Date of Award

12-2017

Degree Type

Thesis

Degree Name

Master of Science

Major

Environmental Engineering

Major Professor

Jon M. Hathaway

Committee Members

Larry D. McKay, John S. Schwartz

Abstract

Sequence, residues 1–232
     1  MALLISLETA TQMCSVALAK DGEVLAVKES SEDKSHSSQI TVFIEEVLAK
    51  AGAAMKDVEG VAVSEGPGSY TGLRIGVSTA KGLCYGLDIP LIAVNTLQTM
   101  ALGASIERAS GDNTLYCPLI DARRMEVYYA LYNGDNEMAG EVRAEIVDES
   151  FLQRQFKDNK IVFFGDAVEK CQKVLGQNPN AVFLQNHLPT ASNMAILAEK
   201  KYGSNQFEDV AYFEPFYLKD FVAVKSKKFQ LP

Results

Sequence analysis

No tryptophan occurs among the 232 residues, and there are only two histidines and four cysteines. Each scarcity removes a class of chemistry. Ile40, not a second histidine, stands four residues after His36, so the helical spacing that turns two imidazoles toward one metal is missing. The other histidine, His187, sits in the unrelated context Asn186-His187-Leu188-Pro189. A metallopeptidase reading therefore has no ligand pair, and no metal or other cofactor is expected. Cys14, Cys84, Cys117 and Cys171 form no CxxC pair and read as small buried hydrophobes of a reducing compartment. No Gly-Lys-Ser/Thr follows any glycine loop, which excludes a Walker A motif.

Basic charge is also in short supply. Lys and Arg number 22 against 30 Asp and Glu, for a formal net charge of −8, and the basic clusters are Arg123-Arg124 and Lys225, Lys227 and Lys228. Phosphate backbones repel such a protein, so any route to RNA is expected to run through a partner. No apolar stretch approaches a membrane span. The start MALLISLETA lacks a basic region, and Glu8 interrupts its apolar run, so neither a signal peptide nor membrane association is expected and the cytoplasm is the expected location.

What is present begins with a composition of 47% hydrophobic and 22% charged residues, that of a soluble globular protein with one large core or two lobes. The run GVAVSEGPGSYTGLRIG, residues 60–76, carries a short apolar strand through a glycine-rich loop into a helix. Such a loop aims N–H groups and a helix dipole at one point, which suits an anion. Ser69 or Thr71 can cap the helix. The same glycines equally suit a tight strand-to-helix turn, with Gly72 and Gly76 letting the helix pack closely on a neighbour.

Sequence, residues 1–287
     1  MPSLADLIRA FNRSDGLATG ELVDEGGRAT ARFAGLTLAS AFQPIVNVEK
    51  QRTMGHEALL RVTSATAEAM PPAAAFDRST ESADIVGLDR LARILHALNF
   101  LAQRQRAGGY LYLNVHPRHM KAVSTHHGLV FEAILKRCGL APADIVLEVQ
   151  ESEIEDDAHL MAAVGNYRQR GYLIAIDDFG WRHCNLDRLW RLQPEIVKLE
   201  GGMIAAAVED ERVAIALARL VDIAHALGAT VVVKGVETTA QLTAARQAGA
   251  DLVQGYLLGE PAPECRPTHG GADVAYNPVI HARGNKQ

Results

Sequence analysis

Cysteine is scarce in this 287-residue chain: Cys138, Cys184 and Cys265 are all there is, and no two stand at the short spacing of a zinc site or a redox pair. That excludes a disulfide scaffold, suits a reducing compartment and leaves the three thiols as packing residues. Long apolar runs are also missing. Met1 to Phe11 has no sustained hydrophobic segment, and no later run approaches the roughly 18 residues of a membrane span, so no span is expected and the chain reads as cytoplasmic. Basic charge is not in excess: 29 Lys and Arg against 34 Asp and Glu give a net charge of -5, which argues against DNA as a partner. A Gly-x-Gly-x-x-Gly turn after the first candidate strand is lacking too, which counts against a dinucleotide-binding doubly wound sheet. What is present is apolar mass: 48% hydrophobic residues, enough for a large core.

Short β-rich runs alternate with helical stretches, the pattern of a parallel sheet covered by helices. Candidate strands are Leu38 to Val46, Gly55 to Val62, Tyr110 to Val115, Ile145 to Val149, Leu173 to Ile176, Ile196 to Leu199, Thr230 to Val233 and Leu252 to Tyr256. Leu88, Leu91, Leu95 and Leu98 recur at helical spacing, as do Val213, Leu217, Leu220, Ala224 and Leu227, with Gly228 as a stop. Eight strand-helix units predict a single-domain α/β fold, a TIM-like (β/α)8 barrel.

Flood frequency estimates for extreme flows outside of the historical record have been studied for over 50 years. However, many approaches used for such estimates lack precision and have large uncertainties. This is a concern, as accurate flood frequency estimates are critical to informing river operation organizations, such as the Tennessee Valley Authority (TVA), for risk assessments and dam safety improvement projects. The TVA manages 49 dams in the Tennessee River system, necessitating extensive monitoring and modeling of the rivers and reservoirs throughout Tennessee and parts of surrounding states. Recent studies have highlighted the use of paleoflood hydrology as a source of data to extend historical records of extreme floods. This method can also be used as a way to verify flows found in historical records. However, paleoflood studies in the United States have centered primarily on dry climates in the western part of the country, not humid regions such as East Tennessee, where this study is located. Like many major rivers in the United States, the rivers studied herein have undergone changes due to the construction of dams and residential development, which increases the difficulty of considering historical floods in frequency analyses. Thus a “Naturals” HEC-RAS model was created to associate historical flood deposits, with flows estimated from the model. The model was calibrated to an observed flood that occurred when only 3 dams were on the river, allowing closer representation of conditions when these paleoflood deposits were created. Rating curves were developed for different locations along the Tennessee River by modifying the Naturals model so that flood deposits identified in the future can be correlated with a flow-rate. This work demonstrates the need for a better understanding of past floods and how their associated flows would route through the current system. These results will be used to support future paleoflood studies for the TVA, which will in turn provide more accurate flood frequency data. This improved flood frequency data can then be used to improve dam safety decisions. Further, this work acts as a proof that paleoflood hydrology studies are feasible in the eastern United States.

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